However, the CDC is still warning against travel in popular European countries like Italy and France.
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The Caribbean, St. Kitts and Nevis: aerial view of The Narrows ( 'The Straits') channel between the islands of Nevis (foreground) and St. Christopher
Credit: Hedelin F/Andia/Getty Images

The Centers for Disease Control and Prevention lowered its travel warning for several popular Caribbean islands this week, but continues to warn Americans against popular countries in Europe.

The agency reclassified Saint Kitts and Nevis and Saint Vincent and the Grenadines under "Level 1," its lowest travel warning, indicating that there is a "low" level of COVID-19 there. Destinations are classified as a "Level 1" if there are fewer than 50 new reported cases per 100,000 people in the past 28 days.

In addition to the islands, the agency classified Bangladesh, Myanmar, Haiti, Saudi Arabia, and the Philippines under "Level 1."

The CDC recommends travelers ensure they "are vaccinated and up to date" with their COVID-19 vaccines before traveling to any destination, and warns that, "Even if you are up to date with your COVID-19 vaccines, you may still be at risk for getting and spreading COVID-19."

While there was good news for some countries, others remained at the agency's highest warning level, including some of the most popular vacation destinations in Europe such as Italy, France, and Greece. As of Tuesday, the CDC continues to classify 89 destinations as "Level 4," indicating a "very high" level of COVID-19 transmission and telling Americans to "avoid" traveling there.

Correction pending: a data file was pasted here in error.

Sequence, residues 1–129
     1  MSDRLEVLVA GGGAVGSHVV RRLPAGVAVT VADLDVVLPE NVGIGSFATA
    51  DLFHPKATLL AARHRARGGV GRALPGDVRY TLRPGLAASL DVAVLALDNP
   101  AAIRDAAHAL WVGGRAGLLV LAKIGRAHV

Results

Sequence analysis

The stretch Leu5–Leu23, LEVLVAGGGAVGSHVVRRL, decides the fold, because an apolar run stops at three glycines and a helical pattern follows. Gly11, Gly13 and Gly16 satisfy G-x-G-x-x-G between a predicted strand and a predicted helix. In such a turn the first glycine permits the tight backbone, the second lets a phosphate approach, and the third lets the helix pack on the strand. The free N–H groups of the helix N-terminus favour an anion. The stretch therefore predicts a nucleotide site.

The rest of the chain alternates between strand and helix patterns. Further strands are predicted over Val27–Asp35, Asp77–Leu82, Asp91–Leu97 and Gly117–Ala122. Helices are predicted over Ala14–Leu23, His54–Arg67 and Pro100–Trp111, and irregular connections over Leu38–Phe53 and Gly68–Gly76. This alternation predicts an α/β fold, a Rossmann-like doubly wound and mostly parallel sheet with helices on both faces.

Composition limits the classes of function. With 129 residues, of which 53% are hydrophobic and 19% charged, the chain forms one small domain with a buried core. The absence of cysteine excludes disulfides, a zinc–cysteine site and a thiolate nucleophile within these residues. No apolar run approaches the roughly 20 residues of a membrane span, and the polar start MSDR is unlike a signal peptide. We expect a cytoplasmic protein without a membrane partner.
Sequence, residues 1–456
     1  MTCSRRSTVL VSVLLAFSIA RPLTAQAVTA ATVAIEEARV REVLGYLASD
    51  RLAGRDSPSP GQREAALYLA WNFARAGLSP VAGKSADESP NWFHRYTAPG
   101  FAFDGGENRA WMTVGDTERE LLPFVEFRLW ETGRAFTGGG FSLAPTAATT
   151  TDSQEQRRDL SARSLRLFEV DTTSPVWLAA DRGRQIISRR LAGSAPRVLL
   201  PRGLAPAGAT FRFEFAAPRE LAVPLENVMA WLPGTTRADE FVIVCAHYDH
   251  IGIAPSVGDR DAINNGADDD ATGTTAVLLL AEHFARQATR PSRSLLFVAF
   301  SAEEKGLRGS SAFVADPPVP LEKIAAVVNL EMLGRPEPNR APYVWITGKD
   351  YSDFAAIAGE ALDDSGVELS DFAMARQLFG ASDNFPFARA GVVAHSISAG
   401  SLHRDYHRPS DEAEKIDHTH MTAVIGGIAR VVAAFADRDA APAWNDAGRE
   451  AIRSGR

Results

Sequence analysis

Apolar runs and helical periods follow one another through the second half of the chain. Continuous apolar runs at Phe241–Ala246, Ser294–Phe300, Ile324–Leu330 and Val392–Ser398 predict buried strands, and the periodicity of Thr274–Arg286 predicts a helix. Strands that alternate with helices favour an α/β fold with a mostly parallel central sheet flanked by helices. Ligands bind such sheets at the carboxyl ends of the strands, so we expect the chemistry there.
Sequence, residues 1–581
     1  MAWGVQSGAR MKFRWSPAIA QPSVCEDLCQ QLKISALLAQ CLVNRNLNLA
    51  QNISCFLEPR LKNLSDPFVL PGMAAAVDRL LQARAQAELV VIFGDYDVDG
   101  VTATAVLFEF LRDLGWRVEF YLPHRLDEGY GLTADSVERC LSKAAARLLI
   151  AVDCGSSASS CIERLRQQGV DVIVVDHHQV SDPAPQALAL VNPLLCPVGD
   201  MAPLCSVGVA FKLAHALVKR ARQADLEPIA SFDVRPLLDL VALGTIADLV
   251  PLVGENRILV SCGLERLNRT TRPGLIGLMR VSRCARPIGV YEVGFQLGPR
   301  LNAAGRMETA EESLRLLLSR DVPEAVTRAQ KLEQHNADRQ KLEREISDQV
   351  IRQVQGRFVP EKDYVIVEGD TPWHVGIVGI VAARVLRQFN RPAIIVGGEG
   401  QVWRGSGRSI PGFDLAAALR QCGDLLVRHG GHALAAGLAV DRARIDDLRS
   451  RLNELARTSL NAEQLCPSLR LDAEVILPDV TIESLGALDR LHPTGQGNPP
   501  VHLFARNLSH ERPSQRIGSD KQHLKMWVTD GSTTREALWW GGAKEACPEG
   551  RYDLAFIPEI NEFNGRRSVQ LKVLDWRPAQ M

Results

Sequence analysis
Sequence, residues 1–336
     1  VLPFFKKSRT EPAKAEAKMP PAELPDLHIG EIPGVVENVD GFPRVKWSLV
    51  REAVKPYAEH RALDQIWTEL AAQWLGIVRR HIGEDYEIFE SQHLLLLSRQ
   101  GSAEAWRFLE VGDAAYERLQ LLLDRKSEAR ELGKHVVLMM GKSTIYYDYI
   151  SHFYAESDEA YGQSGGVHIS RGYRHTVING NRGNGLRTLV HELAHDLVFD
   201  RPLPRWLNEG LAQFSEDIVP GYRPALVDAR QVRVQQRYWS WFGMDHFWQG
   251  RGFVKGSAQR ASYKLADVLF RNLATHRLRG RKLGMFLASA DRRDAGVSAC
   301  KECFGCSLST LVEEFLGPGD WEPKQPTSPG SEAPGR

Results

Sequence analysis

Destinations are classified as "Level 4" if there are more than 500 COVID-19 cases reported per 100,000 people over the last 28 days.

However, many of the countries that are deemed a high warning have welcomed Americans, with some even dropping COVID-19-related travel restrictions altogether like the United Kingdom, Ireland, and Iceland. Others have eliminated pre-arrival testing for vaccinated visitors like the Netherlands and France.

For its part, the United States continues to require international travelers, including U.S. citizens, to get tested for COVID-19 within one day of flying to the country, a policy the White House has said there are "no plans to change."

Alison Fox is a contributing writer for Travel + Leisure. When she's not in New York City, she likes to spend her time at the beach or exploring new destinations and hopes to visit every country in the world. Follow her adventures on Instagram.